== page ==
Order of Magnitude Estimation (Fermi)

Fermi estimation or order of magnitude estimation is a back-of-the-envelope technique where estimates to difficult problems are found by breaking up the larger question into smaller, likely still unknown parts, making a guess (with error bars) and then multiplying the parts together. A standard Fermi question would be “How many piano tuners are there in Chicago?” Breaking the question down into constituent parts, you come up with some still hard questions:

  1. How many pianos are there in Chicago?
    1. How many people are there in Chciago?
    2. How many Pianos per person?
  2. How many piano tuners are needed per piano?
    1. How long does it take to tune a piano?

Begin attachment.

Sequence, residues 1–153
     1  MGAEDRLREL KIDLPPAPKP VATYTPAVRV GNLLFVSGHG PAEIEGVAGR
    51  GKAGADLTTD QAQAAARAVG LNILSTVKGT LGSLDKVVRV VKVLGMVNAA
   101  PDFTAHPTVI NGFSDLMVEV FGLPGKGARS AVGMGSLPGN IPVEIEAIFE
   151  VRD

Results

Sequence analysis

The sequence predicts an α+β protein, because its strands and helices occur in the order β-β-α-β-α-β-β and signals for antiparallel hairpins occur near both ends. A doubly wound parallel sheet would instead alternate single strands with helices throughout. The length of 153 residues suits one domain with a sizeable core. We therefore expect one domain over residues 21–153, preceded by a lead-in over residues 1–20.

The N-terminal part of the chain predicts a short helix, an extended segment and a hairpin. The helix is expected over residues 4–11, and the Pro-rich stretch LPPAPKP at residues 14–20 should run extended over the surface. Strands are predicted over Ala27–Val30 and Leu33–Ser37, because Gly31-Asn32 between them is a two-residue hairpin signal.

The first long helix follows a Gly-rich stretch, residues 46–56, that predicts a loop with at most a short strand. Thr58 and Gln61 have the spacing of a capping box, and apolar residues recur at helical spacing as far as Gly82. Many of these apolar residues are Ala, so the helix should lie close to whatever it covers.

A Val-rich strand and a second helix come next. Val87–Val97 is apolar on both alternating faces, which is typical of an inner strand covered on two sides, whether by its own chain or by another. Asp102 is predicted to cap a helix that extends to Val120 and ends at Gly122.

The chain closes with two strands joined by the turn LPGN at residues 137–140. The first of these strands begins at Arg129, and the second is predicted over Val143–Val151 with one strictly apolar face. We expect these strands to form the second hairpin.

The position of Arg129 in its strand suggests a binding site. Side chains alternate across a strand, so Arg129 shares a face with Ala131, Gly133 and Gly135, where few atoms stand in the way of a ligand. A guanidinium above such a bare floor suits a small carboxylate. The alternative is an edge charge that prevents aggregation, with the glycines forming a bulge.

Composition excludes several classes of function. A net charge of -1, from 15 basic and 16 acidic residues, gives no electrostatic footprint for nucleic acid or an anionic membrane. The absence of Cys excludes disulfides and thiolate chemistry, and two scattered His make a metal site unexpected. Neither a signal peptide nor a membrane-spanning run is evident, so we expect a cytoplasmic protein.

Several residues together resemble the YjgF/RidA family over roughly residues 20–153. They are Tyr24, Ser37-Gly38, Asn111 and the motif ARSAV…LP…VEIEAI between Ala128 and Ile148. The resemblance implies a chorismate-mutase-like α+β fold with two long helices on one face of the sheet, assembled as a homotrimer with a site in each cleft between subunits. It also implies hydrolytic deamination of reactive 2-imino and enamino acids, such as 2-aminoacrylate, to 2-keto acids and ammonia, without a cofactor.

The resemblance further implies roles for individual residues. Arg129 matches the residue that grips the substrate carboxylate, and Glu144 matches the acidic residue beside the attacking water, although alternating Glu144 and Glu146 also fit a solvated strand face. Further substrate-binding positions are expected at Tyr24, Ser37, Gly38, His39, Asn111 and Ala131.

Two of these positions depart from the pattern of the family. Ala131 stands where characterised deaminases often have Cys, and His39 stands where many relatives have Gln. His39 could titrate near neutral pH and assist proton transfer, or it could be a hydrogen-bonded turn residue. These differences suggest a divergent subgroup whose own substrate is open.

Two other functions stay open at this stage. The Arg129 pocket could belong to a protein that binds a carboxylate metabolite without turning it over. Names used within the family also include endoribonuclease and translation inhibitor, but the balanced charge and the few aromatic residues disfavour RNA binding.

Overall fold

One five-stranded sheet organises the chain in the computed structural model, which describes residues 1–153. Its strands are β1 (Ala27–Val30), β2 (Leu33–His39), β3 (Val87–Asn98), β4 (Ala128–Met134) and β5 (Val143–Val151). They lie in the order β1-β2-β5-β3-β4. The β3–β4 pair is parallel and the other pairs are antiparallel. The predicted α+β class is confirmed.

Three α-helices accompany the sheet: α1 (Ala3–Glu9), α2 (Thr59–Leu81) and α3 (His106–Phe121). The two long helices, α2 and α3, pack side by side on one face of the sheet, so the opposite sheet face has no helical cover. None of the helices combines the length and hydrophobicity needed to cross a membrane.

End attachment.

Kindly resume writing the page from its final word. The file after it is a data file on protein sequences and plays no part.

2. How many hours a year does a piano tuner work?

While precision on any of these answers aside from the easiest (how many hours a year does a piano turner work) will be difficult, we can get rough guesses1. We can also set lower and upper bounds on our guess2.

Fermi estimation works because errors tend to cancel each other out if there isn’t an underlying bias.


References

1.
Tetlock, P. E. & Gardner, D. Superforecasting: The Art and Science of Prediction. (Crown, New York, 2015).
2.
lukeprog. Fermi Estimates.

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